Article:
Friday, November 30, 2007

More Crushing on Pete Carroll

Here's a link to a mind-blowing article on Pete Carroll from Los Angeles magazine: 23 Reasons Why a Profile of Pete Carroll Does Not Appear in this Space. This guy never ceases to amaze me. Halfway through, I'm very happy to read the following:

His first task: Turn USC into the grandest college dynasty ever. Not this week’s number one team but history’s. “To win forever,” he says . . . .

Sounds impossible, right? Unrealistically ambitious? Read the article and you'll have a tough time not believing he can pull it off.

Even after almost seven years at the helm of USC football, you'll learn things about the man that sound like they were lifted out of a movie script, like this:
Along the way [Bo] Taylor tells me that he and Carroll do this often. They make late-night journeys through the dicey precincts of Los Angeles. Alone, unarmed, they cruise the desolate, impoverished, crime-ridden streets, meeting as many people (mostly young men) as possible. The mission: Let them know that someone busy, someone famous, someone well known for winning, is thinking about them, rooting for them. The young men have hard stories, grim stories, about their everyday lives, and at the very least Carroll’s visit gives them a different story to tell tomorrow.

[. . .]

We start in east South-Central, a block without streetlights, without stores. Broken glass in the gutters. Fog and gloom in the air. We hop out and approach a group of young men bunched on the sidewalk. Glassy-eyed, they’re either drunk, stoned, or else just dangerously bored. They recognize Carroll right away. Several look around for news trucks and politicians, and they can’t hide their shock when they realize that Carroll is here, relatively speaking, alone.

Carroll shakes hands, asks how everyone’s doing. He marches up and down the sidewalk, the same way he marches up and down a sideline—exhorting, pumping his fist. At first the young men are nervous, starstruck , shy. Gradually they relax. They talk about football, of course, but also about the police, about how difficult it is to find a job. They talk about their lives, and their heads snap back when Carroll listens.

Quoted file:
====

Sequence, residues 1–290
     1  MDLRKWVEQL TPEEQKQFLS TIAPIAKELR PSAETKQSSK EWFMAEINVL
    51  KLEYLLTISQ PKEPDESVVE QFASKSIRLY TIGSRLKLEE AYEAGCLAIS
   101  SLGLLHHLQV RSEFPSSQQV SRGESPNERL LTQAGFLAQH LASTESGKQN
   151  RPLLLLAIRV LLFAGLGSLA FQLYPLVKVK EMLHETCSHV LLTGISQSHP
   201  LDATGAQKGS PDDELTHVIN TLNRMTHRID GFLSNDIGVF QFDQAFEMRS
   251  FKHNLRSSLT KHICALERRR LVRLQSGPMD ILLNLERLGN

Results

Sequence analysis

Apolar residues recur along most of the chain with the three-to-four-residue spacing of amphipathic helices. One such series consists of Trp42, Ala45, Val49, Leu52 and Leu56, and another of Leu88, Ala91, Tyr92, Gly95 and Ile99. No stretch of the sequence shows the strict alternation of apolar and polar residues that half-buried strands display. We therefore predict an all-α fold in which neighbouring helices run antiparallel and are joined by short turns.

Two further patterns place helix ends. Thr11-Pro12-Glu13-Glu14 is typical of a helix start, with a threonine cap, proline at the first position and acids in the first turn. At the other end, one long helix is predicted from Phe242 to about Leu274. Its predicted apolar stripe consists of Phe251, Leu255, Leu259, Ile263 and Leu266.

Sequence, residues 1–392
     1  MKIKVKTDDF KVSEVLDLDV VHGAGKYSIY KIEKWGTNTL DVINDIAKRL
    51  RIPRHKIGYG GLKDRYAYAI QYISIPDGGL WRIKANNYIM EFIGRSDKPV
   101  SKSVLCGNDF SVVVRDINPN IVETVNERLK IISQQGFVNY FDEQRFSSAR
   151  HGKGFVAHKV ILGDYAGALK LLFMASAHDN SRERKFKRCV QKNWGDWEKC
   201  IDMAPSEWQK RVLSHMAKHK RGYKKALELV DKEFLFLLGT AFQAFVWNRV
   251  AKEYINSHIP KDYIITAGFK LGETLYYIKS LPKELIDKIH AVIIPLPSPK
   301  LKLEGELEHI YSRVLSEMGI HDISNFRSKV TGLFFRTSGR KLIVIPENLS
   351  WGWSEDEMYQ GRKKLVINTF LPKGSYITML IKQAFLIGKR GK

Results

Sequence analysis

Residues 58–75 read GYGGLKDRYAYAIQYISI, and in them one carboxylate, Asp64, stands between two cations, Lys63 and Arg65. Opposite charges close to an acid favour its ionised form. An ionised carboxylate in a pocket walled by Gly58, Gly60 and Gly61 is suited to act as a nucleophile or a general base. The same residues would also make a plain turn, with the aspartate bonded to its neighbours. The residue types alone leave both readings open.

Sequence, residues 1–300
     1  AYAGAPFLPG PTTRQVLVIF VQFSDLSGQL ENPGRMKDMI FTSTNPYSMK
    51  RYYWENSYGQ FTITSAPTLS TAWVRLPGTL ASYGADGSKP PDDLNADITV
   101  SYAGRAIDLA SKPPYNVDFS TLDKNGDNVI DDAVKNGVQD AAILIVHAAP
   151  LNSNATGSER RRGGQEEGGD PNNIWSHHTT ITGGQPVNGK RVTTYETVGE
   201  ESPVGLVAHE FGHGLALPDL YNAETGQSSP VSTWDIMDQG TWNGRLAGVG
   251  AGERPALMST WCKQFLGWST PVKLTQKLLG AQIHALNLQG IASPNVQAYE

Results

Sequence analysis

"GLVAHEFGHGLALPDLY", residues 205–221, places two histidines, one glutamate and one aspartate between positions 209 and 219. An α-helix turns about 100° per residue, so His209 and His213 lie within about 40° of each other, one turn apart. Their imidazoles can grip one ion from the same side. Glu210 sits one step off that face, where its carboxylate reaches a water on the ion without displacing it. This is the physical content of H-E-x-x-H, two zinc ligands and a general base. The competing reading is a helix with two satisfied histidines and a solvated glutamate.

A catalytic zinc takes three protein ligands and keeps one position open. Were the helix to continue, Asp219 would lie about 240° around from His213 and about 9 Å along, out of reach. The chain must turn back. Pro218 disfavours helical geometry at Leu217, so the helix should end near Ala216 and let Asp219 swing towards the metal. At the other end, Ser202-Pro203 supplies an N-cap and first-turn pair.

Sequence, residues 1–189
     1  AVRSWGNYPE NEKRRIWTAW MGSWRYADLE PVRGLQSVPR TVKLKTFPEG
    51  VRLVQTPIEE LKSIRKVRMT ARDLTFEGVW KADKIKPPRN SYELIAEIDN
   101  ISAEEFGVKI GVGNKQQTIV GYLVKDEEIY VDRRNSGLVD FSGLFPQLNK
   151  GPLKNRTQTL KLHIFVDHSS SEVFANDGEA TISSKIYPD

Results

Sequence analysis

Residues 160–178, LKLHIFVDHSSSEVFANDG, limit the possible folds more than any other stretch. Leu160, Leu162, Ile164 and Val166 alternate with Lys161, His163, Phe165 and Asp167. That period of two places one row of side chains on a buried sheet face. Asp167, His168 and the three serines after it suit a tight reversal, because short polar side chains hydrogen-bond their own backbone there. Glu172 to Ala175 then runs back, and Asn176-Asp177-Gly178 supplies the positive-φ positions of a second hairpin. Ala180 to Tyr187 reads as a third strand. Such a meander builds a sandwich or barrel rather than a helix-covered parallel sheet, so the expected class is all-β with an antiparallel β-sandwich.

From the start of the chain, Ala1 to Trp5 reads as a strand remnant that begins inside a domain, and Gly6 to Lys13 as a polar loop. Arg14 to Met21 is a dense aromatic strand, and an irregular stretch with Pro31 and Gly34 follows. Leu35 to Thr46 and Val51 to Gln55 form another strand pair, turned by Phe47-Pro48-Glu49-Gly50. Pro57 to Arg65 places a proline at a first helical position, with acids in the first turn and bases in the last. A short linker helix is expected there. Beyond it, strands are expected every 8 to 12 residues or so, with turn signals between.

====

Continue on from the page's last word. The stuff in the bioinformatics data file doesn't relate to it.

This anecdote from Carroll's tenure with the NY Jets also caught my eye:
And at the end of my talk I say, ‘As we get through it, I’ll explain it more to you, and I know this to be true so much right now that thunder will strike—’” At that moment, Carroll says, he struck a table with his fist and a clap of thunder shook the building. His coaches, he says, turned white. I turn a little pale myself. “At bed check,” he says, laughing, “I found guys curled up, reading their Bibles.”

Read it.

HT: TrojanWire.

Tuesday, October 30, 2007

I Still Miss Norm

At about this time in 2006, I lamented the absence of Norm Chow and expressed my belief that USC was worse off without Chow. I had hope after the Nebraska game that USC might finally be learning to fill the void, but the 2007 season since then has killed that hope. This column by Jon Wilner makes many of the same points I made in 2005 to argue that USC has not adequately replaced Chow's skill sets:

USC should not be scoring 23 points against Stanford, 20 against Arizona and 17 against Oregon. It should not be committing 10 turnovers in those three games (the Trojans are last in the league in turnover margin). There’s too much talent, way, way too much talent on the USC side of the ball. And those other teams, Arizona, Oregon and Stanford — they aren’t very good defensively (fifth, seventh and ninth in the Pac-10, respectively).

[. . .]

In Year One A.N. (After Norm), the Trojans had arguably the best array of offensive talent in Pac-10 history, and there have been some pretty good offenses in this league:

A Heisman-winning quarterback, the best tailback of his generation, another tailback who scored 26 touchdowns, plus two NFL receivers and three first-team all-league linemen. The Trojans averaged 49 points and almost 600 yards per game and play-callers Steve Sarkisian and Lane Kiffin looked like they were little Norm Jrs. But you didn’t need to be an offensive mastermind to Get the ball to Reggie.

The past two years, the Trojans have gotten progressively sloppier, more predictable and far less effective. Some of the decline has to do with personnel, but not all of it — not even close to all of it.

[. . .]

Chow would never run when everyone knew a run was coming, he’d never call all those swing passes and bubble screens, all those quick outs that are easy to see coming and even easier to defend. He’d be throwing downfield – and doing it effectively.

I believe that Steve Sarkisian is a smart coach, and I believe that he will learn from his mistakes, but he is relatively inexperienced and it is hard to not think of what might have been had Pete Carroll conducted a nation-wide search to find a replacement for Chow. I hope that promoting first Lane Kiffin and now Sarkisian to Chow's former position pays off in the long run for USC, but the USC football program should not be in the business of providing on-the-job training!

Friday, October 26, 2007